Here are some of the interesting details of Netaji's great escape, as narrated by Sisir Bose. Subhas was released from imprisonment by the British on grounds of health in November 1940. Soon after, he had his last correspondence with Gandhi. He had written to Gandhi pledging full cooperation even by non-violent means to expedite freedom of India. However, Gandhi rebuffed Subhas by saying that there were fundamental differences between them and that he and Subhas would have to sail in different boats. That is what Netaji did. He had to do it his way and as a first step started to plan an escape from India.

He confided his plan to Sisir and Mian Akbar Shah, a Forward Bloc leader of Peshawar to go out of India through the tribal territories in the North-West Frontier. Subhas Bose would travel under the name of Mohammad Ziauddin, in the guise of an upcountry Muslim. He was supposed to be a travelling insurance inspector. Sarat Bose gave the final touches and approved the plan. A few days before departure, Bose declared that he would go into seclusion and would not see or talk to anyone even on the telephone. He had his room curtained off into compartments and his food was passed under the curtain. This was because there were suspicions that the police had recruited an agent amongst the servants in the house. On the fateful day, he had dinner with his mother (Prabhabati Devi) and when everyone retired, he left in the car driven by Sisir at 1:30 a.m. on January 17, 1941. He was wearing a <>sherwani<>, loose pajamas, laced European shoes, and a black cap of fur.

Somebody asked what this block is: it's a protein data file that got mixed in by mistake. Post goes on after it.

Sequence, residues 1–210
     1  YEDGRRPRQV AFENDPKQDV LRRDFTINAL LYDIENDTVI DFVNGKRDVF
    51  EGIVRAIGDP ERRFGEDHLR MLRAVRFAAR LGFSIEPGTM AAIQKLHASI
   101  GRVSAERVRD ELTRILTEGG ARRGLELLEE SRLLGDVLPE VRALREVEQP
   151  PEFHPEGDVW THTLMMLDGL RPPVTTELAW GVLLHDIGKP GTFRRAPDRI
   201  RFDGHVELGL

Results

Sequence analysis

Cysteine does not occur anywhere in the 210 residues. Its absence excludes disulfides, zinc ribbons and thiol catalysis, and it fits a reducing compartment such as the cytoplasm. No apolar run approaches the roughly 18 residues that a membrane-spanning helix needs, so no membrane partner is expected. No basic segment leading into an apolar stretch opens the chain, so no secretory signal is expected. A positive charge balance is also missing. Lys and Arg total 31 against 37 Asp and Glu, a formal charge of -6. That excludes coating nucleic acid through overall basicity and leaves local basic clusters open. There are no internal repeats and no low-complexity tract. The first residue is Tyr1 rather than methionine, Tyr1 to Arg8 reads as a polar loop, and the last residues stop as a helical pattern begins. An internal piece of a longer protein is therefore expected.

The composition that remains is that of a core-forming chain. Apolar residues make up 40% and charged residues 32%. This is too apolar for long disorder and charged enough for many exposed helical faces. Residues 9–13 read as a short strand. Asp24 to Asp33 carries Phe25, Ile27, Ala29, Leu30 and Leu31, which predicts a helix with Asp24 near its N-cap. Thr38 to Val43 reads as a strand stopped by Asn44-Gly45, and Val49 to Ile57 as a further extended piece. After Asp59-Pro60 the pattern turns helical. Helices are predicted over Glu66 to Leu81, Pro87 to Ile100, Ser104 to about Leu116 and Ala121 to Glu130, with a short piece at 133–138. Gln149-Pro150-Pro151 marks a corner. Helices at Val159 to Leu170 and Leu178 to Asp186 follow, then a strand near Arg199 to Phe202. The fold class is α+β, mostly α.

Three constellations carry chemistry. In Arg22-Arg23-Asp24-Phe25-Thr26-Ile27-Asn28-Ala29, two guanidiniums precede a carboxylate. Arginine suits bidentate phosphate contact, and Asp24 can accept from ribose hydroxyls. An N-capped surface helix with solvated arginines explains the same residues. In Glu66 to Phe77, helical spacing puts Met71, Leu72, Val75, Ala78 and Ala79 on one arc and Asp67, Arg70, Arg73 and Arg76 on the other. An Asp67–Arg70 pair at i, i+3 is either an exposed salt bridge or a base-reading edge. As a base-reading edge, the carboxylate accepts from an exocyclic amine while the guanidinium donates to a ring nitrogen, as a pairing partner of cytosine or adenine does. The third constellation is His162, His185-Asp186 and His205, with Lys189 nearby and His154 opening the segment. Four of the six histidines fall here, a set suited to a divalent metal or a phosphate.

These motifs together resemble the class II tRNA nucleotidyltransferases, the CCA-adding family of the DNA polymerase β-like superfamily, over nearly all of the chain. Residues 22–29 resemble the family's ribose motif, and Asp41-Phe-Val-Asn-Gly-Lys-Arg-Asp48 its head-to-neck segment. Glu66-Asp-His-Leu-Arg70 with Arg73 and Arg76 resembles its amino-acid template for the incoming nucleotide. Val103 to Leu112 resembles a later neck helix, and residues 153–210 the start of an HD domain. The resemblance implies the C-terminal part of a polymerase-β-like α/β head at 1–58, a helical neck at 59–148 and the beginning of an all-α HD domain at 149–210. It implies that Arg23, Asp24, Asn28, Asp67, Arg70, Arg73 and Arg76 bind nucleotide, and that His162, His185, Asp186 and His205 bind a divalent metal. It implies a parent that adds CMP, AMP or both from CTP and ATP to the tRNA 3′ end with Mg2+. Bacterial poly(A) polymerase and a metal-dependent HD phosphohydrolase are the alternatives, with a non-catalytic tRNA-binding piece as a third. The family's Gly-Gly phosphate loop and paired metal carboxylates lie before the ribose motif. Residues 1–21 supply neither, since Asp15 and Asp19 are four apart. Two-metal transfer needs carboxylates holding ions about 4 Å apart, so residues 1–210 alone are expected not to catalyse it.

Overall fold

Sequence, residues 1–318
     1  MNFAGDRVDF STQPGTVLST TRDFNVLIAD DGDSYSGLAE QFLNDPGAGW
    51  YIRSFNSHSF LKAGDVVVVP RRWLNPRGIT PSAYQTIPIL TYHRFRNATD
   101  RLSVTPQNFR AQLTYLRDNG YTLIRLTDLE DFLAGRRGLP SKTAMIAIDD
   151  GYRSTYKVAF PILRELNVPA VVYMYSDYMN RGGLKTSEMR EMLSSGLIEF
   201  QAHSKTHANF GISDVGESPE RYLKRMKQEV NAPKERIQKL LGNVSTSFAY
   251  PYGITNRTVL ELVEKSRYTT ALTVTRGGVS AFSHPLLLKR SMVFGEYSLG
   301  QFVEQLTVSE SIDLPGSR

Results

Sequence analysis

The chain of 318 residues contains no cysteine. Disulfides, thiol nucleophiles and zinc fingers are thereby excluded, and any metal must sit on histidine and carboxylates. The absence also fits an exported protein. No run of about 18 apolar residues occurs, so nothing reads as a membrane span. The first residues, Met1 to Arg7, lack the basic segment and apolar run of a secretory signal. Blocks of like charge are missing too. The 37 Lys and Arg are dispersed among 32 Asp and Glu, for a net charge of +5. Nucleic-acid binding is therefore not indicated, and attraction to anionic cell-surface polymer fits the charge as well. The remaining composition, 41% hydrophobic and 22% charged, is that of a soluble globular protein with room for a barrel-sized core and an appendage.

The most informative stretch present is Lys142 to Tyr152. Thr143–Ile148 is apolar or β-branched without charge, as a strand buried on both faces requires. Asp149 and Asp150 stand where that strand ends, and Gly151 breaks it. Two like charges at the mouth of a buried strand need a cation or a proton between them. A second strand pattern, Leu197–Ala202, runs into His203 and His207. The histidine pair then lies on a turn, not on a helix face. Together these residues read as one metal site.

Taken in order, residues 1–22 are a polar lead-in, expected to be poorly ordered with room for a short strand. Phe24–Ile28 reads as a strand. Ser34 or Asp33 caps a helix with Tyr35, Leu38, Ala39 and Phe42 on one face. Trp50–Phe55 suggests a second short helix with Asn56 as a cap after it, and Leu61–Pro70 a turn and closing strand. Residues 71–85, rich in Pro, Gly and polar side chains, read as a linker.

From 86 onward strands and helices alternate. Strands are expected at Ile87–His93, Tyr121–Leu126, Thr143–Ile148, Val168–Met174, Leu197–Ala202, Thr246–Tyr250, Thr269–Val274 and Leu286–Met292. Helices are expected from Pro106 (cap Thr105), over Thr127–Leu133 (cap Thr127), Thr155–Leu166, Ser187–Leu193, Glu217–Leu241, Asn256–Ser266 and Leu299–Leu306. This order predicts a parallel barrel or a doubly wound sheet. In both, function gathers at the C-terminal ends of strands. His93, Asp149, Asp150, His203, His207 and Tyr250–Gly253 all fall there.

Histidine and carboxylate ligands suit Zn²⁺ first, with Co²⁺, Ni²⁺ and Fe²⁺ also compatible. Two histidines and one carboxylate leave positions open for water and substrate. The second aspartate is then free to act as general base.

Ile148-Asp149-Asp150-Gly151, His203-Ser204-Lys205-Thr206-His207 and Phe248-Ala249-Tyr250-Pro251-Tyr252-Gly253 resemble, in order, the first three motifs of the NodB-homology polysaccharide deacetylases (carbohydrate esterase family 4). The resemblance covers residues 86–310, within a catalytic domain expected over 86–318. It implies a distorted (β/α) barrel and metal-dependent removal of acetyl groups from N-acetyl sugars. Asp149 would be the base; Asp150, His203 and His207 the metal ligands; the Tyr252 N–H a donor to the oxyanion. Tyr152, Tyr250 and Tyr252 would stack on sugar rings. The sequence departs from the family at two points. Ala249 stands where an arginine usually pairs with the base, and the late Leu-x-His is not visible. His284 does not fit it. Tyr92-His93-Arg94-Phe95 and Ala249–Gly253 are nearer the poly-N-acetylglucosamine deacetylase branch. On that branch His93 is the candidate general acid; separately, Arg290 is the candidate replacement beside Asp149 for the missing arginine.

They took the Grand Trunk Road reaching Asansol the same morning. After refueling there, they reached Barari, where Asoke, Sarat Bose's eldest son, lived with his family. Subhas posed as an insurance man and stayed in the guest room, so that servants would not be suspicious. The guest left on foot in the morning and a little later Asoke picked him up in a car and took him to Gomoh for the train to Delhi, from where he would take the Frontier Mail to Peshawar. At Gomoh, Subhas Chandra bought a ticket, boarded a first class compartment and was on his way. When he reached Peshawar on January 19, Akbar Shah met him at the station and put him up at the house of Abad Khan who had long experience of secret journeys through the tribal territories. Abad briefed Subhas Chandra for a few days about Pathan manners, customs and habits.

On the morning of January 26, 1941, Subhas Chandra, now pretending to be deaf and dumb and dressed as a Pathan, was ready to leave. Accompanied by three guides, he left for the border of Afridi tribal territory in a car. Near the actual tribal border, they started their trek, scaling mountains, parts of which were covered with snow. On January 28, they reached the first village in Afghan territory. From there partly riding a mule and hitch-hiking on a truck full of tea-chests, he reached Jalalabad the same night. On January 30, they set out for Kabul in a tonga and then changed to a truck on the way, reaching Kabul on January 31. He stayed in a Serai near the Lahori Gate, in the most inhospitable surroundings.